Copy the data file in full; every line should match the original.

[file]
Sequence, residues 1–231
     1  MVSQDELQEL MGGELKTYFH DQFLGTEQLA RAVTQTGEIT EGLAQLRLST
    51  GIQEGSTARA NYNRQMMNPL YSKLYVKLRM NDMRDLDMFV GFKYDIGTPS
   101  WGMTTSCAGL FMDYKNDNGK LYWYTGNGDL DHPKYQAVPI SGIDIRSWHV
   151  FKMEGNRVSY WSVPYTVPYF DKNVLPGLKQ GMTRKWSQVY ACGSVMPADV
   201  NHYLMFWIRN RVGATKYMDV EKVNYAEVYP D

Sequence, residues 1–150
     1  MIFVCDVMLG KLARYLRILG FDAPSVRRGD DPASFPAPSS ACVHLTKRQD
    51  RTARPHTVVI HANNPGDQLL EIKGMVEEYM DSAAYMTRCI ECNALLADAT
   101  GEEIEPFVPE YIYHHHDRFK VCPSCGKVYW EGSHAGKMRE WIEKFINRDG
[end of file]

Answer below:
Sequence, residues 1–231
     1  MVSQDELQEL MGGELKTYFH DQFLGTEQLA RAVTQTGEIT EGLAQLRLST
    51  GIQEGSTARA NYNRQMMNPL YSKLYVKLRM NDMRDLDMFV GFKYDIGTPS
   101  WGMTTSCAGL FMDYKNDNGK LYWYTGNGDL DHPKYQAVPI SGIDIRSWHV
   151  FKMEGNRVSY WSVPYTVPYF DKNVLPGLKQ GMTRKWSQVY ACGSVMPADV
   201  NHYLMFWIRN RVGATKYMDV EKVNYAEVYP D

Sequence, residues 1–150
     1  MIFVCDVMLG KLARYLRILG FDAPSVRRGD DPASFPAPSS ACVHLTKRQD
    51  RTARPHTVVI HANNPGDQLL EIKGMVEEYM DSAAYMTRCI ECNALLADAT
   101  GEEIEPFVPE YIYHHHDRFK VCPSCGKVYW EGSHAGKMRE WIEKFINRDG